Art Industry News: Attorney General Accuses Trump of Illegal Art Purchase + More Must-Read Stories
Plus, a Banksy work is stolen from a Toronto show and the Noguchi Museum director accuses Walmart of copying.
Art Industry News is a daily digest of the most consequential developments coming out of the art world and art market. Here’s what you need to know this Friday, June 15.
Walmart Copy Upsets Noguchi Museum – Brett Littman, the director of the Isamu Noguchi Museum in New York, has written a letter calling out Walmart for selling a knock-off version of the Japanese-American artist’s 1947 coffee table. Littman said he would write the retail giant and the manufacturer to cease the fabrication and sale of the tables “as it is an infringement of our trademark and trade dress rights.” (Curbed)
The Man Who Can Spot a Master Forgery – James Martin, the founder of Orion Analytical who now works for Sotheby’s, reveals that he was such a good copyist as a student that his conservation professors worried that if they “taught me all the science, I’d be a natural forger.” Last year he analyzed more than $100 million worth of art for the auction house in New York and he’s setting up a lab in London. (Guardian)
Trump’s ‘Self-Dealing’ Art Is Back in the News – The New York Attorney General’s investigation into the Trump family’s illicit use of its own charitable foundation is bringing his art purchases back into focus. A $10,000 portrait Trump bought of himself and then hung at one of his golf courses is one in “at least five self-dealing transactions” that violate tax regulations, according to the attorney general’s office. (New York Times)
Gerhard Richter’s Pendulum Swings in a German Church – The artist has donated his version of Foucault’s Pendulum to a deconsecrated church in Münster. The kinetic piece, which will swing permanently as the earth rotates, “represents a small victory for science,” Richter said. (The Art Newspaper)
Rosa Parks’s House Heads to Auction – The artist Ryan Mendoza is selling the house where the Civil Rights activist lived in Detroit, which he turned into a work of art. He hopes the “national treasure” will go for a seven-figure sum. Some of the proceeds from the auction at Guernsey in New York will support a foundation that preserves Rosa Parks’s legacy. (Guardian)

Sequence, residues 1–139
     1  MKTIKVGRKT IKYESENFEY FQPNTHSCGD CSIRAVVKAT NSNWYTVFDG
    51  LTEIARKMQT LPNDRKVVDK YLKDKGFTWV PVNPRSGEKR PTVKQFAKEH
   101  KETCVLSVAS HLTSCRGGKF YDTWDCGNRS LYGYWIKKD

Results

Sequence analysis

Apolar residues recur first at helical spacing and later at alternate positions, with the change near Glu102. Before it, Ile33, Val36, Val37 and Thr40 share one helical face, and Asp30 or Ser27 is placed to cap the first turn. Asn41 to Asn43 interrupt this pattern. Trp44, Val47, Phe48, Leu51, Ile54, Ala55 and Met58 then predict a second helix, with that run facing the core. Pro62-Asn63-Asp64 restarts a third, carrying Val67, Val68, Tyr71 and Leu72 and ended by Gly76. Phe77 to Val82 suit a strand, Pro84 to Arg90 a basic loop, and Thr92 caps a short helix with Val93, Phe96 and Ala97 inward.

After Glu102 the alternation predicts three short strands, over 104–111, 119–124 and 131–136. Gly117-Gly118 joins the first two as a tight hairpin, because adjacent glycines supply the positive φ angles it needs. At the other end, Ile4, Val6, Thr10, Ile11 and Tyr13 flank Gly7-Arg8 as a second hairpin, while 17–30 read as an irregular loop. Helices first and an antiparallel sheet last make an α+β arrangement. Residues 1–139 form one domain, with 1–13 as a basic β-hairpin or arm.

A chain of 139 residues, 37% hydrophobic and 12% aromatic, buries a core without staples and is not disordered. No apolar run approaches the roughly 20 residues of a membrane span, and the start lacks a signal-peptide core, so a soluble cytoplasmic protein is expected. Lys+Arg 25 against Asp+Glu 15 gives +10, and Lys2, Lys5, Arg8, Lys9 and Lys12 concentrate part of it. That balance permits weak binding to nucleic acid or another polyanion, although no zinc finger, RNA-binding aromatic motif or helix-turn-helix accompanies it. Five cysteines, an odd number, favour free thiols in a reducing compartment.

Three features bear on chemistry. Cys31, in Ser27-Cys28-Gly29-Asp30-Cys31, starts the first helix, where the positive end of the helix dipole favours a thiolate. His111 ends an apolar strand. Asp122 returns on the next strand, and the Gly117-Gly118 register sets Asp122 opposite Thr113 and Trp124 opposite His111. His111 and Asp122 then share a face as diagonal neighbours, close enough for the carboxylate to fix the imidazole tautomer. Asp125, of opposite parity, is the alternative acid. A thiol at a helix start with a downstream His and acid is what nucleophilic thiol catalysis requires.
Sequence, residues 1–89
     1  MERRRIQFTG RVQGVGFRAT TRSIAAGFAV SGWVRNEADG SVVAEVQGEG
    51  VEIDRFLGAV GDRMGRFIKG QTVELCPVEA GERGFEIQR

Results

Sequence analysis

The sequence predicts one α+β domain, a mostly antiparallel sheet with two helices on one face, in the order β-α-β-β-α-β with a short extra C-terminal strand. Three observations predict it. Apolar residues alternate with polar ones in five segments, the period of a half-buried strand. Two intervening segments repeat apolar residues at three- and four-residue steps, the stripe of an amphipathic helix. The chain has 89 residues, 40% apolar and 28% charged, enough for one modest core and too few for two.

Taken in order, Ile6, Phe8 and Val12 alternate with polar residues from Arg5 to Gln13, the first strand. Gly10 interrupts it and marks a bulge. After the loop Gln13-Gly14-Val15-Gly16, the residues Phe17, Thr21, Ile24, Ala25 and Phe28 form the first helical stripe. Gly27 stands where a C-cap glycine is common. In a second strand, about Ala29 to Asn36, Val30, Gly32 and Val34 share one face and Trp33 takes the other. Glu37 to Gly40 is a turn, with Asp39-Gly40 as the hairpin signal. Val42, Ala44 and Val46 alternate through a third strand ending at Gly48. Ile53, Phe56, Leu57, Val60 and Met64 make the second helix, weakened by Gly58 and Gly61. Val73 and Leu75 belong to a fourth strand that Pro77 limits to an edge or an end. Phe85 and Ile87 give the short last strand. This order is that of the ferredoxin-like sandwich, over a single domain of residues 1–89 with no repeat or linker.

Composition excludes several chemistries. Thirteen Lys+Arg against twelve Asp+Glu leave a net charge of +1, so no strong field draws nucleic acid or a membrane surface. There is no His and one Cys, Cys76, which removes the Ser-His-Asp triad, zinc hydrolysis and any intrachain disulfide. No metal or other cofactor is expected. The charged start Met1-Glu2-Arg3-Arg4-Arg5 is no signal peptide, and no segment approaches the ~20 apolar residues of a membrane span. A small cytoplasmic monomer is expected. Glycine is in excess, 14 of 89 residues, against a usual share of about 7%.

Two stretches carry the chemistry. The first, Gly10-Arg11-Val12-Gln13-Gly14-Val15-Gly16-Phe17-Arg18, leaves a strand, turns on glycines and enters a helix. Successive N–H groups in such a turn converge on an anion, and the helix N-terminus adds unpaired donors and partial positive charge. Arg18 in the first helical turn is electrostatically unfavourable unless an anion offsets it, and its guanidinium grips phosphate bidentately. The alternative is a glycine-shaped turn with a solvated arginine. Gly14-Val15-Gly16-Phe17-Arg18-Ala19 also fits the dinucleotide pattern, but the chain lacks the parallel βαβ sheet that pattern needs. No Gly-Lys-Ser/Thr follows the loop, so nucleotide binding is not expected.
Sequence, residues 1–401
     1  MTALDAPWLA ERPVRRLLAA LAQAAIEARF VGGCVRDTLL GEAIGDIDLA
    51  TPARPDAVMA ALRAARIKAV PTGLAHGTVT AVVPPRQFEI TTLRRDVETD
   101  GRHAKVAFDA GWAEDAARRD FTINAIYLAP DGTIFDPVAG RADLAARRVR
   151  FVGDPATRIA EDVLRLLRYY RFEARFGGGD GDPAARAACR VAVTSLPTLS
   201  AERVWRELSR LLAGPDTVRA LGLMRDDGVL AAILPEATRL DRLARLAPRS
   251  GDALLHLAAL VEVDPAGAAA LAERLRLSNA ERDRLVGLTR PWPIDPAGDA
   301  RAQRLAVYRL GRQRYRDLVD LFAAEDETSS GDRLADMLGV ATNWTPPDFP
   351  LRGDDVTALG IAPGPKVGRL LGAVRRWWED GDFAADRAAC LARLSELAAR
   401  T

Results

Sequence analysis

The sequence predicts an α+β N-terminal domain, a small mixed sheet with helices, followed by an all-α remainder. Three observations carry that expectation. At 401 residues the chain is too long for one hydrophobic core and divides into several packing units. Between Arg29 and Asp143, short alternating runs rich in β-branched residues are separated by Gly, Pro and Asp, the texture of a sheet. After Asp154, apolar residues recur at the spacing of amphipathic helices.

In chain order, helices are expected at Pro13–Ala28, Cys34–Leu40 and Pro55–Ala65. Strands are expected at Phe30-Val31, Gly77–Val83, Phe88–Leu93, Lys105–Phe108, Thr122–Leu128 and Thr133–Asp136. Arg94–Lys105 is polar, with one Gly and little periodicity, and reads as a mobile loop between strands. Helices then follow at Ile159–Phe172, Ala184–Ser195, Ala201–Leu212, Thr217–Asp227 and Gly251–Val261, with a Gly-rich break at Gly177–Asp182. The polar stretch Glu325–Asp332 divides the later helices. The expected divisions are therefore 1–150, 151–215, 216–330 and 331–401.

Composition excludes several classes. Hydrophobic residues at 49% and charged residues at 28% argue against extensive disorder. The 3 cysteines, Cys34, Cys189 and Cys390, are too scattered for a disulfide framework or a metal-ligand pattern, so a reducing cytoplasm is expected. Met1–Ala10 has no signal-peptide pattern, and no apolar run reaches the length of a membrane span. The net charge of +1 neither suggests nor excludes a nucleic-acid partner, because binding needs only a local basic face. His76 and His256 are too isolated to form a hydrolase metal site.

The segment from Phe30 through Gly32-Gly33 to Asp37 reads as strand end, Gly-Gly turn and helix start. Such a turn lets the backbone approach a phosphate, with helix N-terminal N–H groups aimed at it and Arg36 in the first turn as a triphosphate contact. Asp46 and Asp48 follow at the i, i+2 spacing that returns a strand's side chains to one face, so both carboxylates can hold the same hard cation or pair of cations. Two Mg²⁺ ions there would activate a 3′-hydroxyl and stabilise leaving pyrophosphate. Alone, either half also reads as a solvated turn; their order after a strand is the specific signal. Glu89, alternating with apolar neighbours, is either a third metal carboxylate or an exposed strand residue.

Art Prizes Attract Collector Attention at Art Basel – Numerous dealers at Art Basel are capitalizing on the fact that some of their artists have won prestigious prizes, including Goodman Gallery, which is showing El Anatsui (who won the Praemium Imperiale), Kiluanji Kia Henda and Kapwani Kiwanga (Frieze Awards), and Hank Willis Thomas (Guggenheim Fellowship). (TAN)
Banksy Show Gets Burgled – An unidentified work was stolen on Saturday ahead of the opening of the street artist’s unauthorized retrospective “The Art of Banksy,” organized by dealer Steve Lazarides in Toronto. Police have released a video of a male suspect leaving with a painting. (CBC)
Judge Reverses Caillebotte Export Bar – A Canadian judge has overruled a cultural export review panel. He decided the experts were unreasonable and must reconsider why they blocked Heffel auction house from exporting the French artist’s 1892 painting Iris bleus, jardin du Petit Gennevilliers, which it sold to a British gallery in 2016. (Globe & Mail)
COMINGS & GOINGS
Harvard Art Museums Hires a New Chief Curator – Soyoung Lee has been named incoming chief curator of Harvard’s art museums, beginning in September. Lee is leaving the Metropolitan Museum of Art, where she worked for 15 years in various curatorial positions in the department of Asian art. (Press release)
London’s Showroom Lures Director From Creative Time – Elvira Dyangani Ose, currently senior curator at New York’s Creative Time, will head to the London nonprofit arts space The Showroom in the fall. She succeeds Emily Pethick, who has been director for 10 years. (Press release)
LACMA Announces Art + Tech Lab Award Winners – Four artists have received LACMA’s award for art projects engaging in emerging technology. They are Jen Liu, Diana Thater, Sarah Rara, and Tahir Hemphill. Hemphill will create a neural network trained on his data project Hip Hop Word Count. (Press release)
Shirley Tse Will Represent Hong Kong in Venice – M+ and the Hong Kong Arts Development Council announced that Hong Kong-born and Los Angeles-based artist Shirley Tse will represent Hong Kong in the 58th Venice Biennale. Tse’s new work will be curated by Christina Li. (ArtAsiaPacific)
FOR ART’S SAKE
Mucha’s Masterpiece Finally Finds a Home – Czech Art Nouveau painter Alfons Mucha’s Slav Epic has been moved many times over the years. It survived World War II hidden away from the Nazis under a pile of coal. Finally, the set of 20 large narrative paintings will receive their own exhibition hall inside Prague’s Lapidarium. (Press release)
Photographer Ralph Gibson Receives Légion of Honor – The US photographer has received one of France’s most prestigious recognitions, given to him by the French Culture Minister Françoise Nyssen. Gibson also announced that he has arranged to donate several hundred images and contact sheets that comprise the “strongest” photos he’s taken of France. (Les Nautes de Paris)
Veteran Artist Buries Himself Under a Tasmanian Street – The 73-year-old Australian performance artist Mike Parr is sketching and meditating for three days while buried in a steel container under a road in Hobart, Tasmania. Called Underneath the Bitumen the Artist, the work is a memorial to the indigenous victims of British colonial violence. Parr’s work is part of the Dark Mofo festival, organized by David Walsh’s Museum of Old and New Art. (CNN) (Instagram)
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